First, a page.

A Series of Radishes
I've always liked the collection or series genre. A series of four pictures contains an extra, fifth thing. The mystery of animation is that there is actually no movement, just a series of still images. Movement is the collective quality of the individual images which disappears when they are separated.
Collection, or association, creates a context which can change our initial impression of the individual images. It's something that's been done in many ways for probably thousands of years, but I still find the effect intriguing and fresh. Maybe that's what makes collages so interesting, even when they're made with uninteresting pieces, the sum transforms the parts into a symphony of scraps.
I think the differences in each of the images cause us to return and look more closely at the others and regard previously overlooked features with new interest. Or less interest. It works both ways. Editing is the key here.
I saw a documentary about a commercial artist who did all sorts of creative work, from oil painting to grocery store decoration. He commented on having to sit in art class and make highly detailed, realistic drawings of all sorts of simple objects. Eventually, (it took a while, maybe) he saw it as being a good thing, but not because it improved his drawing skill, but because he said, "When you have to make a drawing of something, that's the only time you really look at it".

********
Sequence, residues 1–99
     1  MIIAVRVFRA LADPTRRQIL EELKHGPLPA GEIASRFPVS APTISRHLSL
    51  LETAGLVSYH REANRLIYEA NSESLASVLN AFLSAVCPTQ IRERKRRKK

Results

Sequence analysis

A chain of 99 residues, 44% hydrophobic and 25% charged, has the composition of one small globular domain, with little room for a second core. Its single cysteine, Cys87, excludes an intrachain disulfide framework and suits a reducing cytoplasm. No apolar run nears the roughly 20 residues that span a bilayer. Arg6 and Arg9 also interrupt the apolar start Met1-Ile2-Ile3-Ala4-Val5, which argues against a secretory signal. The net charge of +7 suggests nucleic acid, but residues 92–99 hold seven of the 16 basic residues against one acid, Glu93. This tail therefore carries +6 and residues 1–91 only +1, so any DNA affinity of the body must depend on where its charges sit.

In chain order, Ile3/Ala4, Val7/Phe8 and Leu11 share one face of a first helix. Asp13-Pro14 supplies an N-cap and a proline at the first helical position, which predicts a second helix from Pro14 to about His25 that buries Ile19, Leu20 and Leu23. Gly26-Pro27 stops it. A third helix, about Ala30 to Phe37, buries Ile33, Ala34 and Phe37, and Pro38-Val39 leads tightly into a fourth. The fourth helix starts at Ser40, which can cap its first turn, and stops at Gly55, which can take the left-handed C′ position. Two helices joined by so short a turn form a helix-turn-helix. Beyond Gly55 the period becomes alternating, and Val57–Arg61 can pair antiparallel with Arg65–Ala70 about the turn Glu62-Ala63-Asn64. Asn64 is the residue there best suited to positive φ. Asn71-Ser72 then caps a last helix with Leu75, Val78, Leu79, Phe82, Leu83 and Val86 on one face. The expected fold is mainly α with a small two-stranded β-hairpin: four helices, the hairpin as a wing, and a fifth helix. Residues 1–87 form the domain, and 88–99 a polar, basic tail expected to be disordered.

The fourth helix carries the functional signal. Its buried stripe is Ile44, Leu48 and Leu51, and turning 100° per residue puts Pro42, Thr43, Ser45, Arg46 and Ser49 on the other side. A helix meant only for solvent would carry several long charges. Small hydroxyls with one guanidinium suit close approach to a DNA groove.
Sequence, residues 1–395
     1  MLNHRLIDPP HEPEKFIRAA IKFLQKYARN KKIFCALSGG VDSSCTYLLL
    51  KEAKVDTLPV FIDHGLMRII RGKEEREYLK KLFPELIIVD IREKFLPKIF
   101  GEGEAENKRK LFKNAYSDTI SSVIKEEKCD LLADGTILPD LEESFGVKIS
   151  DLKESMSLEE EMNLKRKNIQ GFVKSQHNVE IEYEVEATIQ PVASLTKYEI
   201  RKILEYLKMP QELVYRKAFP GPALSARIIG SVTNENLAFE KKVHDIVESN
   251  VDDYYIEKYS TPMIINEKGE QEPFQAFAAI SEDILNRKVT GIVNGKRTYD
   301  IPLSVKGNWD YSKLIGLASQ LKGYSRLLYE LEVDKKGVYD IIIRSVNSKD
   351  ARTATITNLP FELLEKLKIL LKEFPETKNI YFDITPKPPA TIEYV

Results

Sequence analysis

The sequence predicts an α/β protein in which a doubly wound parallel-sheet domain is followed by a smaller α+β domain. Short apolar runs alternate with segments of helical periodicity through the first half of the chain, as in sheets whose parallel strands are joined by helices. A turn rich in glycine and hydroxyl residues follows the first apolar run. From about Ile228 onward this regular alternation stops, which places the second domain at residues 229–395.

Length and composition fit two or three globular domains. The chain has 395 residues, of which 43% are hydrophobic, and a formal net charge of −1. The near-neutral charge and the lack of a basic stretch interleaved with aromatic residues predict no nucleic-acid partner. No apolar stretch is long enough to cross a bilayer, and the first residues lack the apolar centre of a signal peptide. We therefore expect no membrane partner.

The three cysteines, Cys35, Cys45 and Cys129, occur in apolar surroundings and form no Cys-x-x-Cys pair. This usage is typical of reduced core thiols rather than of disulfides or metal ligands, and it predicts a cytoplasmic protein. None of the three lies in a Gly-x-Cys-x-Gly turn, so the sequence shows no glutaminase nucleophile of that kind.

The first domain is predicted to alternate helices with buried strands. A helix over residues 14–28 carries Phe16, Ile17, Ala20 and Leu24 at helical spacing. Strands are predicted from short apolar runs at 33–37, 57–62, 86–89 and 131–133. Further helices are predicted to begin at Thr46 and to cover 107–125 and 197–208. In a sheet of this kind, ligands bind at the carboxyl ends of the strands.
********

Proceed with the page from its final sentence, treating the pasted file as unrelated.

Because digital art can be so easy to make (mine is), the act of "really looking" can be absent or at least, unlikely. Ironically, the repetition of the image in a series of variations causes us to regain some of that careful observation that otherwise would be lost flipping through the piles of imagery that a computer can quickly make.
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